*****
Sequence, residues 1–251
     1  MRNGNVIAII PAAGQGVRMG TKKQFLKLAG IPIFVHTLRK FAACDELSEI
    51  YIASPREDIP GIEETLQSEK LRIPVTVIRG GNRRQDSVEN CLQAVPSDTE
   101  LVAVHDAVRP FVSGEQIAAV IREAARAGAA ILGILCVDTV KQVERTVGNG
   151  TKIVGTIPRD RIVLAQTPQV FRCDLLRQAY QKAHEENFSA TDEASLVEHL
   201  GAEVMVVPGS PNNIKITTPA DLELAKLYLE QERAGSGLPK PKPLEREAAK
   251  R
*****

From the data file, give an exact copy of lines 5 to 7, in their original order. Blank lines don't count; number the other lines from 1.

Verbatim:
   151  TKIVGTIPRD RIVLAQTPQV FRCDLLRQAY QKAHEENFSA TDEASLVEHL
   201  GAEVMVVPGS PNNIKITTPA DLELAKLYLE QERAGSGLPK PKPLEREAAK
   251  R